Late Breaking News
Access to Contraceptives
- Categorized in: 2013 Compendium of Federal Medicine, Department of Defense (DoD), News, Women's Health
While most forms of contraception are covered by TRICARE, the majority of respondents reported that they were not counseled on pregnancy prevention or menstrual suppression prior to deployment.
“It is critical that women in the military have information about and access to the full range of contraceptive methods so they can select and use the method that will work best for them,” Grindlay said.
Military women also need specific counseling on the best options during deployment, as some preferred contraceptive methods are unsuitable in theater. The vaginal ring requires refrigeration, and the pill must be taken at the same time each day, both difficult conditions to meet when deployed. Other forms, such as the patch, may be affected by transportation delays.
In deployed settings, there also can be challenges with user-dependent methods, including the pill and condoms, and difficulty obtaining refills so other options may work better.
“Healthcare providers and women in the military should be educated on the availability and use of long-acting reversible contraceptives such as intrauterine devices and the contraceptive implant,” Grindlay urged.
In addition, some methods also suppress menstruation, she noted.
If long-acting contraceptives are not prescribed, women should receive sufficient supplies to last their full tour to avoid problems with refills and increase the likelihood of method continuation, she suggested.
-Photo by Staff Sgt. Kenneth Pawlak
Many servicewomen do not ask healthcare providers about contraception, particularly prior to deployment because they do not anticipate needing it, Grindlay said.
Consequently, a discussion of contraception should be a topic of discussion during a woman’s annual health examination and pre-deployment check-ups.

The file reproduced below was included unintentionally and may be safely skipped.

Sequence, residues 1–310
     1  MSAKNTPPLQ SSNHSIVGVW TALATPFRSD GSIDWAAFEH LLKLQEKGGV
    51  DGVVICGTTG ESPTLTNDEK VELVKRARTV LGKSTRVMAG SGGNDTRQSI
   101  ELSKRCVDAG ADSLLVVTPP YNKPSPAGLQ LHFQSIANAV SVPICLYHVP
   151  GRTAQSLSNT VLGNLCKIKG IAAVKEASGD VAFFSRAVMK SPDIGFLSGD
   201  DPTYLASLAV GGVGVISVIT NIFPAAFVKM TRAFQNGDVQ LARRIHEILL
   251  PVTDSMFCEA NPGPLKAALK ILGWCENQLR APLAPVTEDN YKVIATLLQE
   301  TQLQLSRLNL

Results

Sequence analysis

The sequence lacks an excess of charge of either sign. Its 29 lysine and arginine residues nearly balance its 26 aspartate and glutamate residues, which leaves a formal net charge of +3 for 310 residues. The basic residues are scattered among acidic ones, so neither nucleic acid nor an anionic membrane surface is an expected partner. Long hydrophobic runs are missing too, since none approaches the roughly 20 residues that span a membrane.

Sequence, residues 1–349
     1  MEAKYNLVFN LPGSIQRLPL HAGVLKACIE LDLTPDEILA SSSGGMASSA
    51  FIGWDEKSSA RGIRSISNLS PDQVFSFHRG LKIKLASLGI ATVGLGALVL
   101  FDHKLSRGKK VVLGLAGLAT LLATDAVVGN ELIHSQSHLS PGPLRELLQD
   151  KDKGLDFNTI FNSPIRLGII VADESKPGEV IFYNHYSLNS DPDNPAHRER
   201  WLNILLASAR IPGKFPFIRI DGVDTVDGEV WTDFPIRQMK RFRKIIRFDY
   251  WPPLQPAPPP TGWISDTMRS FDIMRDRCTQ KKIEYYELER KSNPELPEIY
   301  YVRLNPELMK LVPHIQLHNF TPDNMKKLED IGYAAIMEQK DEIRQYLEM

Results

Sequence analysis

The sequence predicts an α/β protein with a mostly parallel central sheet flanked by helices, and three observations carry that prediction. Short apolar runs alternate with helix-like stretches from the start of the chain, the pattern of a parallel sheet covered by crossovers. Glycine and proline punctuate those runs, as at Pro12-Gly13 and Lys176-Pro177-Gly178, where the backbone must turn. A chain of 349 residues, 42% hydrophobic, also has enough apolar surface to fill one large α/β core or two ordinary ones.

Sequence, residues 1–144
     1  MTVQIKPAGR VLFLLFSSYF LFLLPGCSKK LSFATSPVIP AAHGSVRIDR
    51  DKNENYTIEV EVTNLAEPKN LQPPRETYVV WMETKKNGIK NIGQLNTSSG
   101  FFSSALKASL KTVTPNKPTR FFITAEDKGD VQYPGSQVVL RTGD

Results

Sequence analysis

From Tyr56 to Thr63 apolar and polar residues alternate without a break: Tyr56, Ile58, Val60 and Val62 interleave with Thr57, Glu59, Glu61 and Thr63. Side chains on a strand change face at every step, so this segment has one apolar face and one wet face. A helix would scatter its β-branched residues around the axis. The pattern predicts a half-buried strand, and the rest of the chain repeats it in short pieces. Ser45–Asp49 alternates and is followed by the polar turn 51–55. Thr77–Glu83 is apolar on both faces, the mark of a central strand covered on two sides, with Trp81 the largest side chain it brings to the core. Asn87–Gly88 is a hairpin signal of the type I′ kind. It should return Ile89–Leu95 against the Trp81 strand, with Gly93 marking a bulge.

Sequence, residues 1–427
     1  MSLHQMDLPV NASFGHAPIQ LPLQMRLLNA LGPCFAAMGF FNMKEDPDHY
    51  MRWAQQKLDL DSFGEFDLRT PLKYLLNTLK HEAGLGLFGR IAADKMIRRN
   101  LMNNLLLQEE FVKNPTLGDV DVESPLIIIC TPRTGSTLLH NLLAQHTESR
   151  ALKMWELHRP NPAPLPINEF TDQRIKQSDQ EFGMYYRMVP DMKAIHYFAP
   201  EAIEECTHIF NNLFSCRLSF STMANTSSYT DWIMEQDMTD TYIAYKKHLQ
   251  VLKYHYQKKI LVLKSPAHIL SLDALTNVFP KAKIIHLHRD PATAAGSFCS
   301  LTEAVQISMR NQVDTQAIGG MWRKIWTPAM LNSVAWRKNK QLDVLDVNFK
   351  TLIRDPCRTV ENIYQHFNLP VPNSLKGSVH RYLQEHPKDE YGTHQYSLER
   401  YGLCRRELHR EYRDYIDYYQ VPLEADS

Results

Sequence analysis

“Another factor deterring some women from seeking contraception was confusion about prohibition of sexual activity,” wrote the authors.
“Current regulations make sexual relationships a chargeable offence in a number of circumstances,” explained Grindlay, who added that “confusion or concern about these policies may put women at increased risk of unintended pregnancy, since some are led to believe they won’t need contraception and because they may be fearful of asking for contraception.”
Role of Sexual Assault
The high rate of sexual assault also contributes to the unintended pregnancy rate, according to Grindlay. “As many as 45% of servicewomen experience military sexual violence,” she said. DoD estimates that 86% of military rapes or attempted rapes go unreported.
To reduce the incidence of rape and resulting pregnancies, the services should follow the recommendations of the Institute of Medicine’s recent report, Returning Home from Iraq and Afghanistan: Assessment of Readjustment Needs of Veterans, Service Members, and Their Families, noted Grindlay.
The recommendations include strengthening policies to eliminate military sexual violence and reinforcing existing policies on military sexual violence by adding specific mandatory evaluation criteria concerning sexual assault into formal performance-appraisal and promotion systems issues for military leaders.
The latest Department of Defense Annual Report on Sexual Assault shows that some progress has been made in this area. In 2011, 3,192 reports of sexual assault resulted in disciplinary action against 791 subjects. Of those, 62% had courts-martial charges against them, up 10 percentage points from 2010, and more than twice the 30% rate initiated in 2007.
1 Grindlay K, Grossman D. Unintended pregnancy among active-duty women in the United States military, 2008. Obstet Gynecol. 2013 Feb;121(2 Pt 1):241-6. doi: http://10.1097/ AOG.0b013e31827c616e. PubMed PMID: 23344272.
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